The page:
5 Ways to Help Increase the Chance to Retain your Clients

Here are 5 ways I found that helps me finding my students returning back over and over to take a lesson with me. Of course the most important point is to deliver great lesson content that is customized to the students needs but these below points also help to drive the lesson towards greatness.

  1. Smile – As they say, smile and the world will smile at you. Would you rather deal with an unhappy person or a happy person? Having a smile helps make the lesson so much smoother.
  2. Praise Be sincere and give constant praise for the client’s efforts. Feedback is important and praise is just one method. Help get the student to self-correct but don’t forget the praise again for doing so. Everyone wants a boost to their confidence and honest praise is a good way to do that.
  3. Talk Time Watch how much you speak. Keep it under 20% of the lesson.  Clients want the opportunity to talk so give it to them.
  4. Formalities Give a warm welcome. A firm handshake, a great smile, help with their cost, bag, or other items, and a big “Hello”.  Don’t forget when closing to thank them, praise them, and appreciate their effort today and preparing for their next lesson. A compliment wouldn’t hurt either!
  5. MannersBe polite, be humble, be organized, be prepared, don’t step on toes, apologize when necessary, be present and focused, keep your ears open, be sincere and curious, be devoted to helping this person, and I am sure your student will be grateful. Don’t be hungover, don’t be late, don’t be sloppy, don’t be dirty, don’t point at the client, don’t dress poorly and so on. Presentation matters. People will judge you in that first minute so start on the right foot.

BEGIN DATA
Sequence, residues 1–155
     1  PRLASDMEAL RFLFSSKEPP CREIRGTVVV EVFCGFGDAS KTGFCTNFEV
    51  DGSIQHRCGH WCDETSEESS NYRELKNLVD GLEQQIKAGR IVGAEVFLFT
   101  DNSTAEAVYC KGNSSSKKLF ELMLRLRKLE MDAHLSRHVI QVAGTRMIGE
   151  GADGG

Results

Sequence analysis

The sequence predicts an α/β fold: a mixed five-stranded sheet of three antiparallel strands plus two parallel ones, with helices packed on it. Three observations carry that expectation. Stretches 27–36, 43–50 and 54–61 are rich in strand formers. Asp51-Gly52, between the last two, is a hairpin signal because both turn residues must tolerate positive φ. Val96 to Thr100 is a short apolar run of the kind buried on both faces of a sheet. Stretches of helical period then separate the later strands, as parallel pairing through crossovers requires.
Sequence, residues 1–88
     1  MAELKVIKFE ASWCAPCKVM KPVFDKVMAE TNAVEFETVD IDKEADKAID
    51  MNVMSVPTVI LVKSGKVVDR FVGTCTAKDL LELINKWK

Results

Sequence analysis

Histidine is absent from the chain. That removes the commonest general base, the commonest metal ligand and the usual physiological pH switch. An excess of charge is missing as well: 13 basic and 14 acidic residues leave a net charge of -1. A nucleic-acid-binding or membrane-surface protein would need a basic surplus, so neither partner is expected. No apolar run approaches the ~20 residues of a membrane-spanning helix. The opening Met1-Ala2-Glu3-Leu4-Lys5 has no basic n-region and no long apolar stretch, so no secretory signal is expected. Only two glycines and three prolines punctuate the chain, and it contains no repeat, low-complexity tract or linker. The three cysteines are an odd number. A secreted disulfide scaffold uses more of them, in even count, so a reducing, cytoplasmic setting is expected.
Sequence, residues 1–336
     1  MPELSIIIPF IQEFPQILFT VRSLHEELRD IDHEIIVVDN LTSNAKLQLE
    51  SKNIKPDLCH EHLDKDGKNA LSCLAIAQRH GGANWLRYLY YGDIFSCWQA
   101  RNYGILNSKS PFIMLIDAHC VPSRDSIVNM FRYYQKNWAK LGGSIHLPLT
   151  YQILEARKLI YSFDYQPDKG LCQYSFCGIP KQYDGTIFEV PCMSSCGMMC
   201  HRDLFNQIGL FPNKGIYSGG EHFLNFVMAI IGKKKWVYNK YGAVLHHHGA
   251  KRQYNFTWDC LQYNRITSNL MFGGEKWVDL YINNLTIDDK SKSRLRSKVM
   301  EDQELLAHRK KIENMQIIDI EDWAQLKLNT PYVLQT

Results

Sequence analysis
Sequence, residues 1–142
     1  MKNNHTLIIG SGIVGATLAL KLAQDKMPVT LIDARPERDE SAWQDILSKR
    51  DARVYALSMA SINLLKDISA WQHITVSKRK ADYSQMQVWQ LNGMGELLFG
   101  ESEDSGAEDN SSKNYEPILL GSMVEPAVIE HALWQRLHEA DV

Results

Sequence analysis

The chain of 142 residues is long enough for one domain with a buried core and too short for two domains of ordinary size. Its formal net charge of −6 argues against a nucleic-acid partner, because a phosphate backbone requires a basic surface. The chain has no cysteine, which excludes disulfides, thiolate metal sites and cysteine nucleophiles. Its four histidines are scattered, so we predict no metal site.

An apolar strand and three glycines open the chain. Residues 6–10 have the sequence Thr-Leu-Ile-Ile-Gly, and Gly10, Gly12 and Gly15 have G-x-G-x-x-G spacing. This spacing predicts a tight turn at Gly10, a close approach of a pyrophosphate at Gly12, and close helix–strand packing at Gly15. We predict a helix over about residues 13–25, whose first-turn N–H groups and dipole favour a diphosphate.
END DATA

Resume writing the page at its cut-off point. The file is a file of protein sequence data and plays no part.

Be consistent about these routines with all your students too! If you form good habits and maintain them, students will know how to respond better as they will expect them each time. All the best!

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ESL Business Teacher Resource Tips: Do you talk too much?

Do you talk too much? As a teacher, you would think you need to do loads of talking. You need to make sure the student is learning something after all right? Well, yea sure but does that really give the student the opportunity to practice what they learn? You learn from doing, right? Take a look at the cone of learning below for some insight on the impact of methods that have on one.